Vols and Pelicans Errors Costly

In a Southern Association game in New Orleans on June 30 during the 1952 season, the Pelicans won over the Vols by scoring a run in the bottom of the ninth inning on an unusual play. Pels pitcher Lenny Yochim was the first batter in the bottom of the 10th inning with the score tied, 9-9, and bunted back to Joe Micciche. The Vols pitcher fielded it cleanly but overthrew first base.

Opposing Bullpen Was No Help

The ball landed in the New Orleans bullpen where the Pelicans made no effort to help Nashville right fielder Tom Neill and first baseman Jim Marshall locate the ball.  It had become hidden in tall grass near their bench. Meanwhile, Yochim circled the bases to score the deciding run.

Vols manager Hugh Poland argued that the ball had gotten stuck in the wire fence to no avail.

The game was a sloppy affair, as New Orleans committed four errors accounting for four runs, while two Nashville errors accounted for four runs by the Pelicans.[1]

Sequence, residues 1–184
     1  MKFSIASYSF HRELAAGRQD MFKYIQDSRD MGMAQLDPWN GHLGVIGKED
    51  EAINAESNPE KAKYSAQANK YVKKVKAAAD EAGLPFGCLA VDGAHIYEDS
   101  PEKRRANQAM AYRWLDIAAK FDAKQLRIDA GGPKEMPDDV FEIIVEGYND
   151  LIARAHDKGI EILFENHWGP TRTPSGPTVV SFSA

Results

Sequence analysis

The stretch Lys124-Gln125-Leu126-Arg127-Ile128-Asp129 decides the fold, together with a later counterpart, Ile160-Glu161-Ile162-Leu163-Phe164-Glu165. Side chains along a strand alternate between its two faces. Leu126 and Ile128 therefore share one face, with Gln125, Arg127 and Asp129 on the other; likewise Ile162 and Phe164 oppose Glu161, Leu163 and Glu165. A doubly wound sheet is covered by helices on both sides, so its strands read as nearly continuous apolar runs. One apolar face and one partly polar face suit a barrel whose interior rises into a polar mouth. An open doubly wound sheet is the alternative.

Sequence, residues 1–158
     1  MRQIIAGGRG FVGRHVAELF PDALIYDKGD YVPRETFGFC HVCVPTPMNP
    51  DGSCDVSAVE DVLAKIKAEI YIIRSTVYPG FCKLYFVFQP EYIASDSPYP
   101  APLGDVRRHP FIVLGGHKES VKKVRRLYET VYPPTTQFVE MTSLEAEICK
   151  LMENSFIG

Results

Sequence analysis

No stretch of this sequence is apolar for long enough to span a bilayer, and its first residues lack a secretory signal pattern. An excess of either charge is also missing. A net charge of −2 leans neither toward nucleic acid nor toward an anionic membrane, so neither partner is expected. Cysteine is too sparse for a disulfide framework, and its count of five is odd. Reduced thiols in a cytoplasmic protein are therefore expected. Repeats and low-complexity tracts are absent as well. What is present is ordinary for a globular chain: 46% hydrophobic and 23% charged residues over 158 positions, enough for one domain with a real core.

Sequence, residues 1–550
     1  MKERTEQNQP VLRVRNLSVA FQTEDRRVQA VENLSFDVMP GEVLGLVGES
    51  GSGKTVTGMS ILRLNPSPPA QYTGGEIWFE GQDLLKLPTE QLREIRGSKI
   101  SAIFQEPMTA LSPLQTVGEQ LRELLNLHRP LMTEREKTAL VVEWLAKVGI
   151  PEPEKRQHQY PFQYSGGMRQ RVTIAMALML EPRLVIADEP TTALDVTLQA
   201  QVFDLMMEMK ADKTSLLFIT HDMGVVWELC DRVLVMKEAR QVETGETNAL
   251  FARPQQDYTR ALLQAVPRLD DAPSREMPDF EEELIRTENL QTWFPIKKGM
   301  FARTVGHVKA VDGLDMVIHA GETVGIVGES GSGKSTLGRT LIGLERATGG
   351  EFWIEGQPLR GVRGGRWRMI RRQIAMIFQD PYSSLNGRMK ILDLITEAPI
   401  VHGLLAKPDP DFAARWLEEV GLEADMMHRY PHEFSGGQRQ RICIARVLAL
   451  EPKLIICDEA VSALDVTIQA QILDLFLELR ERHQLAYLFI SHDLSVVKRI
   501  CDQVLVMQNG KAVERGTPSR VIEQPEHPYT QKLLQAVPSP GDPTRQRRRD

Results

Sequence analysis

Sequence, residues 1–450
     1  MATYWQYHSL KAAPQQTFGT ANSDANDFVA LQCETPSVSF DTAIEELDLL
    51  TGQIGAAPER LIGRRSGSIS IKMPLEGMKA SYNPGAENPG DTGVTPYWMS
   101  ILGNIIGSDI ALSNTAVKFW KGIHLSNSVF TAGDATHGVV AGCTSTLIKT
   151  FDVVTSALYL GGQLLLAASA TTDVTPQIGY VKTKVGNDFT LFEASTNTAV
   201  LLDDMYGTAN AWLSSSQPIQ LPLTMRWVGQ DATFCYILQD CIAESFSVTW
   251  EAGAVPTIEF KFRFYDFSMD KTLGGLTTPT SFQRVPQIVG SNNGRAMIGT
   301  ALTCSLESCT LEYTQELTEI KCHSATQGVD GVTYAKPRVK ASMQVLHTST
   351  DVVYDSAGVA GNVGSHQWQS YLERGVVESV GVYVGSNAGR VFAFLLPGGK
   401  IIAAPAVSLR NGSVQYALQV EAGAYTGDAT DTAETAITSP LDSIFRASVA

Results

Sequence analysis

Back in New Orleans

On August 12, 1953, again in New Orleans, Nashville turned the tables on the Pelicans in the sixth inning. In a tight duel between Pete Nicolis and Jim Constable of the Vols. Leading 4-1 with two on and two out and Nashville’s Buster Boguskie on first and Gail Harris on third, Harvey Gentry struck out.

When the umpire called “strike three”, Pelican catcher Mel Brookey rolled the ball back to the mound as his teammates hurried off the field.

Nashville manager Hugh Poland began to yell for Gentry to run to first base, which he was entitled to do even though that base was occupied as Brookey had trapped the called third strike.

Turn-about is Fair Play

The third baseman for the Pelicans, Lou Klein, saw what was happening and scooped up the ball but overthrew third base attempting to get Boguskie out as both Harris and Boguskie scored on the play.  Outfielder Brandy Davis made the third error of the inning by throwing wide to home plate as Gentry scored.

Pelicans manager Danny Murtaugh protested after the play, but undoubtedly kept up his complaining to umpire Frank Girard from the bench, as he was tossed out of the game when the inning was over.

Three Vols scored on one strikeout, and Nashville won over, 7 to 2, and Constable had his 16th win.[2]


Nashville Tennessean


© 2022 by Skip Nipper. All Rights Reserved.

[1] “Vols Drop 10-9 Contest to Pels in 10th,” Nashville Tennessean, July 1, 1952, 16.

[2] “Vols Slug Pels, 7-2, Increase Lead,” Nashville Tennessean, August 13, 1952, 25.

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